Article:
The US has voiced concern over reports of new wave of self-immolations in Tibet by Buddhist monks, noting that these events reflect the deep frustration among the Tibetans.
"We're seriously concerned by reports that three more Tibetans have self-immolated over the past few days," state department spokesperson Victoria Nuland told reporters.
"Since March this brings the count to some 15 Tibetan Buddhist self-immolations in China. The US government has consistently and directly raised with the Chinese government this issue of Tibetan self-immolation," she said.
"These actions clearly represent, you know, enormous anger, enormous frustration with regard to the severe restrictions on human rights, including religious freedom, inside China," Nuland said.
"We have called the Chinese government policies counterproductive and have urged the Chinese government to have a productive dialogue, to loosen up in Tibet and allow journalists and diplomats and other observers to report accurately, and to respect the human rights of all of their citizens," the state department spokesperson said.
In a news article, The Wall Street Journal said an unprecedented wave of self-immolations among Tibetans in Sichuan province represents a new challenge both to Chinese authorities—by drawing attention to dissent in the area—and to the Dalai Lama, Tibet's spiritual leader, who doesn't want to be seen as encouraging such acts.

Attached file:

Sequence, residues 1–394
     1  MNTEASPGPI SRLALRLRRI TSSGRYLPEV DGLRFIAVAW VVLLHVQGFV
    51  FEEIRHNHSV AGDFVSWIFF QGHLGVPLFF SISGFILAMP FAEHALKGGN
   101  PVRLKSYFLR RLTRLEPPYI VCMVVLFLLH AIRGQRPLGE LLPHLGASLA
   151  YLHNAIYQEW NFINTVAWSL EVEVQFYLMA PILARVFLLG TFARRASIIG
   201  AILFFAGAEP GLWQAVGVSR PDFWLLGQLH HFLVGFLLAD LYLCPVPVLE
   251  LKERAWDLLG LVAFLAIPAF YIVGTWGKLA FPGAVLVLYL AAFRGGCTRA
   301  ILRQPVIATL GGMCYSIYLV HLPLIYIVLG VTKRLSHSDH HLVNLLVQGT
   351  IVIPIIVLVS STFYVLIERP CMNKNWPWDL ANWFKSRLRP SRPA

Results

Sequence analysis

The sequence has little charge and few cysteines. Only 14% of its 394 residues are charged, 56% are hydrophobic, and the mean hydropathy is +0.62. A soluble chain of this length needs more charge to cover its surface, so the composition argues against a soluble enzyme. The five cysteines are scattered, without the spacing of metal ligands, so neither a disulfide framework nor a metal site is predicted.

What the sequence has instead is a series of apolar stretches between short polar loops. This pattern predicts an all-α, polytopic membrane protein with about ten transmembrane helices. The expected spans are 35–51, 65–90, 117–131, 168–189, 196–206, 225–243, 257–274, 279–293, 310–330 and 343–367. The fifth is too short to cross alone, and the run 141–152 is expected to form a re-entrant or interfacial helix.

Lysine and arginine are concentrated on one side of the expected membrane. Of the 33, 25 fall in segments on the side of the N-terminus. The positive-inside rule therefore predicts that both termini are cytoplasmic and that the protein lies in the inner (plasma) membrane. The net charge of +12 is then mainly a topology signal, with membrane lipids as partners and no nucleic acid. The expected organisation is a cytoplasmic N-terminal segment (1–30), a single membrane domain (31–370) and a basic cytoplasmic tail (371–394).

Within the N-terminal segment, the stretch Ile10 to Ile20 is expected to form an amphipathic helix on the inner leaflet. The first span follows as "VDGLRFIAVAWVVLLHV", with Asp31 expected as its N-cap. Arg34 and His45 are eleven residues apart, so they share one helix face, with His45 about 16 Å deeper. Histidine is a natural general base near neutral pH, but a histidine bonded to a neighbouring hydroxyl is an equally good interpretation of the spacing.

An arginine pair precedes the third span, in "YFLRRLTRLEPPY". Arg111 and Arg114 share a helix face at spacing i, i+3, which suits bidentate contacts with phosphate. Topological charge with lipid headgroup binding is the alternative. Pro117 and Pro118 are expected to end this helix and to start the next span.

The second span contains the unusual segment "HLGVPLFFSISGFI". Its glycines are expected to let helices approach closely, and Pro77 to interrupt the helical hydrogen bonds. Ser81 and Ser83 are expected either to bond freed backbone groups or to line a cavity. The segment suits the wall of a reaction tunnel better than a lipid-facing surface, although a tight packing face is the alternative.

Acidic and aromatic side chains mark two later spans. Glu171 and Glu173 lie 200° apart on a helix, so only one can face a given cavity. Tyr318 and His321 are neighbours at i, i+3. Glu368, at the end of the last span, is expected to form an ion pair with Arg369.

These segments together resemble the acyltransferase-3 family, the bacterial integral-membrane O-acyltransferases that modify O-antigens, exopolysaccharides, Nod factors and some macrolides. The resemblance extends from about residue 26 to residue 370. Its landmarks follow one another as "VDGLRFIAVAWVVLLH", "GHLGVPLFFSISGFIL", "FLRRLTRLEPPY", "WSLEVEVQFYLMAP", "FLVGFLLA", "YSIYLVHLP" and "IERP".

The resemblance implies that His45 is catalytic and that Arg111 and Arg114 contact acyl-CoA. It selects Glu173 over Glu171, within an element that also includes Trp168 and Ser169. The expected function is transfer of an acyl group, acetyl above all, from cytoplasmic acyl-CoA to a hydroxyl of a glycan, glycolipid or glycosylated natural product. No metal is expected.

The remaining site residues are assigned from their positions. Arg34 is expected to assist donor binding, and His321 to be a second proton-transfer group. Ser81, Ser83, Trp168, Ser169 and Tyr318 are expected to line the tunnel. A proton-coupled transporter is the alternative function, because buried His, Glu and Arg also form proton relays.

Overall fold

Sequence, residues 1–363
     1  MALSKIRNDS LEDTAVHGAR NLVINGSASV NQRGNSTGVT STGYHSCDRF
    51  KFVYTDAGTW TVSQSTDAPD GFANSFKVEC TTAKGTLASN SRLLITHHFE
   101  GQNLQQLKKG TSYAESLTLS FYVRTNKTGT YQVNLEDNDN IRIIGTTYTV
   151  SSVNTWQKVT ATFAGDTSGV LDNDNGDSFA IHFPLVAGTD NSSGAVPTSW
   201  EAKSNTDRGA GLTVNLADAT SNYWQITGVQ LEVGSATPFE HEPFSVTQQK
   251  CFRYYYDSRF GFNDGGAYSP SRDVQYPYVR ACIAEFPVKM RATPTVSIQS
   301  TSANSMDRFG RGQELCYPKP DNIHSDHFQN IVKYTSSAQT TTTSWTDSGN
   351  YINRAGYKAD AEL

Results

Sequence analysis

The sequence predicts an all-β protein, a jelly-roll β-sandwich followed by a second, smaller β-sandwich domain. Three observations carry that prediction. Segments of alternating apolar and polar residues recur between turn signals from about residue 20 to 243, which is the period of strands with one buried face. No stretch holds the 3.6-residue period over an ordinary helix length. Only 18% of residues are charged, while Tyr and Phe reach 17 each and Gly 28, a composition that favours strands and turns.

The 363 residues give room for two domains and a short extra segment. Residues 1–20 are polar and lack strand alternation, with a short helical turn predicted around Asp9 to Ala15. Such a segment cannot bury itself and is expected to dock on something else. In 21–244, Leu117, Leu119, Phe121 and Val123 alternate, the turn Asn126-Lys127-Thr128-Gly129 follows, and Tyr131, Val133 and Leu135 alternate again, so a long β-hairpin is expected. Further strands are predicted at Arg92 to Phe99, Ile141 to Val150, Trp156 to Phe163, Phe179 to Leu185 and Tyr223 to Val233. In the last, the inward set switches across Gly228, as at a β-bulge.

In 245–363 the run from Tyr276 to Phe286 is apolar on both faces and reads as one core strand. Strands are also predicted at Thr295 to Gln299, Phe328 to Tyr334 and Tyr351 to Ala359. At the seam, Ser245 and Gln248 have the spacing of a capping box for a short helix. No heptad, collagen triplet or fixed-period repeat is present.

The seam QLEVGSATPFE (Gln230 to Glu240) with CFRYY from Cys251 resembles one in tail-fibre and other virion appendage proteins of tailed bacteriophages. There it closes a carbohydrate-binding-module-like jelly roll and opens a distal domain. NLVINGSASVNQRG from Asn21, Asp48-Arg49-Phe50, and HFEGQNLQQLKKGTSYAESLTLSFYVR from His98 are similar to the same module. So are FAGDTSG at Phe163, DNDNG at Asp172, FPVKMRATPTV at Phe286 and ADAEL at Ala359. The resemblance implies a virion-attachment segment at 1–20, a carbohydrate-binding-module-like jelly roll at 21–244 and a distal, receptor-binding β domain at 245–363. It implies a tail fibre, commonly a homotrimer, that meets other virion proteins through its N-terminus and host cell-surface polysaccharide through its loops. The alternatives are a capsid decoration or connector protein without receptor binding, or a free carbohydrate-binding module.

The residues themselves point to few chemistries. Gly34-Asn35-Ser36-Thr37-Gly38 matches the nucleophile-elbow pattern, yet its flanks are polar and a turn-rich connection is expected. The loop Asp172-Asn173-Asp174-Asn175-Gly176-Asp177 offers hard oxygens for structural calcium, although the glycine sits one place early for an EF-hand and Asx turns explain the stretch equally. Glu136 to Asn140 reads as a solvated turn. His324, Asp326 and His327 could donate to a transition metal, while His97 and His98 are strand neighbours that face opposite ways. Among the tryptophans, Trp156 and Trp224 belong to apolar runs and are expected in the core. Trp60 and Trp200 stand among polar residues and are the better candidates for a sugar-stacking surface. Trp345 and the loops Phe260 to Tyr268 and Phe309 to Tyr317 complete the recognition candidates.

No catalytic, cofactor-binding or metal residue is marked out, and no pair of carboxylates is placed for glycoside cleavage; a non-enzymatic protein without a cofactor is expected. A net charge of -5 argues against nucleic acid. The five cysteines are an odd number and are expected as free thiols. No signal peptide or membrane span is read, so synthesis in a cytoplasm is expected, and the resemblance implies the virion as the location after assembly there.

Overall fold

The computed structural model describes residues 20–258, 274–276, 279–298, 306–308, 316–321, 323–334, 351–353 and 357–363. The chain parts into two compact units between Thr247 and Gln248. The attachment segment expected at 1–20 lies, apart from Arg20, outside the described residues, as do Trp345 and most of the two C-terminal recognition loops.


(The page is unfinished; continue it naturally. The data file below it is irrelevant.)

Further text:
The self-immolations come as Beijing has launched a nationwide crackdown on religious activity in recent months, and is reminding Communist Party members they aren't allowed to worship, the daily said.
"Religious experts say Buddhism and Christianity in particular have grown in popularity among party officials in recent years, a trend the government fears could one day subvert their faith in the party's supremacy. Most of the self-immolators are young, part of a new generation of Tibetans who revere the Dalai Lama but whose actions conflict with his advocacy of peaceful protests. The Dalai Lama doesn't condone suicide," it said.
In another report, Radio Free Asia said hundreds of angry Tibetans forced Chinese authorities on Sunday to return the body of a monk who self-immolated, parading the corpse in the streets in China's western Qinghai province, witnesses said.
Sopa, a respected 42-year-old monk, set himself on fire and died in the town center of Darlag (in Chinese, Dari) county in Golog Tibetan Autonomous Prefecture after shouting slogans calling for Tibet's freedom and the long life of Tibet's spiritual leader the Dalai Lama, they said.
"These latest self-immolations confirm that what we are currently witnessing in Tibet is a sustained and profound rejection of the Chinese occupation," Free Tibet director Stephanie Brigden was quoted as saying.